drug war

40 Years of Drug Prohibition

It was 40 years ago today that President Richard Nixon said the “drug menace” had reached the dimensions of a “national emergency.”  Nixon asked Congress to allocate $155 million to fight drug abuse and requested a new central office in the White House to coordinate governmental efforts on the problem.  Thus began the modern drug war.  It’s true that criminal laws were already in place in many jurisdictions, but it was Nixon’s call for a “new, all-out offensive” that really started to ramp things up.  Each year brought calls for more money–and that  meant more police, more

Gerson Gets It Wrong Again

Michael Gerson’s predictable, reflexive attack on Rep. Ron Paul in his May 10 op-ed in the WaPo for Paul’s sensible stand in favor of ending the futile crusade called the War on Drugs, makes a curious argument.  He asserts that there is a “de facto decriminalization of drugs” in Washington, D.C.  Curious, because there are few places in the nation where the drug war is waged more vigorously.  Doesn’t seem to be working, does it?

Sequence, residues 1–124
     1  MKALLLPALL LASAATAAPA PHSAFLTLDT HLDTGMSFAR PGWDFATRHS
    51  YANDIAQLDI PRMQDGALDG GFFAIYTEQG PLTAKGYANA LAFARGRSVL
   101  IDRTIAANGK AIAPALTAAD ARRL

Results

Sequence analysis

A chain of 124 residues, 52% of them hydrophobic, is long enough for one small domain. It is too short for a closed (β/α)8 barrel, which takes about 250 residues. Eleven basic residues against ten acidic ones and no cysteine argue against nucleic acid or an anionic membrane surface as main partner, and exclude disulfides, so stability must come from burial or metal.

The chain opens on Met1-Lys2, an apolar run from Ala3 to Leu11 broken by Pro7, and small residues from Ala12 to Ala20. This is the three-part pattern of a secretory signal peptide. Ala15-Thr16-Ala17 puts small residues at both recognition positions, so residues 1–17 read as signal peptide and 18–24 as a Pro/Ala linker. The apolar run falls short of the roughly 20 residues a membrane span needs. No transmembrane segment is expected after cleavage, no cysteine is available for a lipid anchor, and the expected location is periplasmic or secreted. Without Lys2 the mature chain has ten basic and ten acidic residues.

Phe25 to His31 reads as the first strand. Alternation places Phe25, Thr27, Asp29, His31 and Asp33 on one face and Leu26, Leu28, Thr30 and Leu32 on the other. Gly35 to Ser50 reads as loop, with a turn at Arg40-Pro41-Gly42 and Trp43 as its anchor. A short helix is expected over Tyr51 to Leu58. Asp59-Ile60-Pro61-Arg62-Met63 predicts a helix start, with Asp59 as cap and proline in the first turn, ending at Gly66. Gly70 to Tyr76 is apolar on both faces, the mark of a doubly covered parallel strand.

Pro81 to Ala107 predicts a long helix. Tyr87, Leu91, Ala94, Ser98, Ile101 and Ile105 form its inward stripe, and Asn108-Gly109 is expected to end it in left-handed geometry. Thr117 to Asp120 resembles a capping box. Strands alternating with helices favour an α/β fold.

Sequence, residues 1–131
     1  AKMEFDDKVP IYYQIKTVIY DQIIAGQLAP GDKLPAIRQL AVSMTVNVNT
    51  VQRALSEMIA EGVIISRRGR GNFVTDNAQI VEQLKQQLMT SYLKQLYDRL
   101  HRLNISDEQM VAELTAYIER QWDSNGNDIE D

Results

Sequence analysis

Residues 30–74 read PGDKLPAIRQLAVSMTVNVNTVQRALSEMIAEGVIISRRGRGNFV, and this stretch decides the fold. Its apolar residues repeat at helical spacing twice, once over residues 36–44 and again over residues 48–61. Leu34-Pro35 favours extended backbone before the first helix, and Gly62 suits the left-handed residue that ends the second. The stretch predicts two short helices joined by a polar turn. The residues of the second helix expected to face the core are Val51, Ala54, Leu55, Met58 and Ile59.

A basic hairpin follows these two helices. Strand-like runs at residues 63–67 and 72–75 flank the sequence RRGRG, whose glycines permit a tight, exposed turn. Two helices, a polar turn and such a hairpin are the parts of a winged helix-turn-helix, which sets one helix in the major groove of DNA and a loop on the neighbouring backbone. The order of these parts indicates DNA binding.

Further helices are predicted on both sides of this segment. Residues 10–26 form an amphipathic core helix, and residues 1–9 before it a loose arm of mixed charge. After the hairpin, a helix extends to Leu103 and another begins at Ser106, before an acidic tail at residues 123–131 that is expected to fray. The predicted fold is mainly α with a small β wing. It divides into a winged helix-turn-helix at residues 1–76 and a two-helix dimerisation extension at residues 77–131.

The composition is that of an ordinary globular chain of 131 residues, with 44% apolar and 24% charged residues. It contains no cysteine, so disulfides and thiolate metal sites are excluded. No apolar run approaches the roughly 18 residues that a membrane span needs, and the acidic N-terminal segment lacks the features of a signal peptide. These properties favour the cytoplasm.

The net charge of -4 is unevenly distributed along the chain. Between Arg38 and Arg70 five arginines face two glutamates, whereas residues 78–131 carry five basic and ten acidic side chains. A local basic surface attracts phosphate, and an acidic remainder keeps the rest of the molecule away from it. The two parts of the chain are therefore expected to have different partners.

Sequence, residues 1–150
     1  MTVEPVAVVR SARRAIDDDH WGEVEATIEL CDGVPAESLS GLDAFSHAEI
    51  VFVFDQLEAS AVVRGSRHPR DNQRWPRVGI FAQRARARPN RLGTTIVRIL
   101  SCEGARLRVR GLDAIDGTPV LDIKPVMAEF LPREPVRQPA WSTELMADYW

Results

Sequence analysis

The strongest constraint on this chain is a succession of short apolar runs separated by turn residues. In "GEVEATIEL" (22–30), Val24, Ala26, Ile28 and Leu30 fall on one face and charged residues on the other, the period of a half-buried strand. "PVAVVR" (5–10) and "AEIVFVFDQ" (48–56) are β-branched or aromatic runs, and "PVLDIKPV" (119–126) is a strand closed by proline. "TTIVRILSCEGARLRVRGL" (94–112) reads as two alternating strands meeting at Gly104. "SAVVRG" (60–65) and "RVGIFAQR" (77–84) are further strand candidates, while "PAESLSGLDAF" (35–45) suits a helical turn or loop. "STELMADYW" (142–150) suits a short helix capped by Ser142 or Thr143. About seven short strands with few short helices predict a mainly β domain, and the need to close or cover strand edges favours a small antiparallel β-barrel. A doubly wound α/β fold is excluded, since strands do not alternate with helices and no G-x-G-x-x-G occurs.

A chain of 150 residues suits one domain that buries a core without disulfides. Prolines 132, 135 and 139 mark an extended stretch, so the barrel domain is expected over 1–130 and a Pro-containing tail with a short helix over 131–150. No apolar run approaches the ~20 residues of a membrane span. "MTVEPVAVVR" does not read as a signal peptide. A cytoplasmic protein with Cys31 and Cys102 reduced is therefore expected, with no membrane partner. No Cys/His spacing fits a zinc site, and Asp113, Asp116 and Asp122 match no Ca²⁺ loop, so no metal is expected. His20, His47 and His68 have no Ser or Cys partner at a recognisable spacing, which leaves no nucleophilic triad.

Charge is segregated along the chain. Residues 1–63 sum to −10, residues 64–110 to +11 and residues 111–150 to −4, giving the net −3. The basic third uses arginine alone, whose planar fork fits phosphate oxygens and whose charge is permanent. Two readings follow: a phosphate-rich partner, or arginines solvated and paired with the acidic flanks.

Obamacare and the Drug War

I wrote an op-ed for National Review (Online) last week showing how conservative exploitation of the Supreme Court’s broad misreading of the Commerce Clause to reach intrastate medical marijuana facilitated liberal exploitation of the same to create the individual mandate in Obamacare.

New Colombian President Backs Debate on Drug Legalization

Colombia’s new president Juan Manuel Santos came out last week in support of a debate on drug legalization, endorsing the call made a few weeks ago by his Mexican counterpart, Felipe Calderón.

Santos even said that if Californian voters passed a ballot initiative this November to legalize marijuana, he would team up with the presidents of Mexico and Peru “to work out how we are going to react and what is going to happen after this referendum.”

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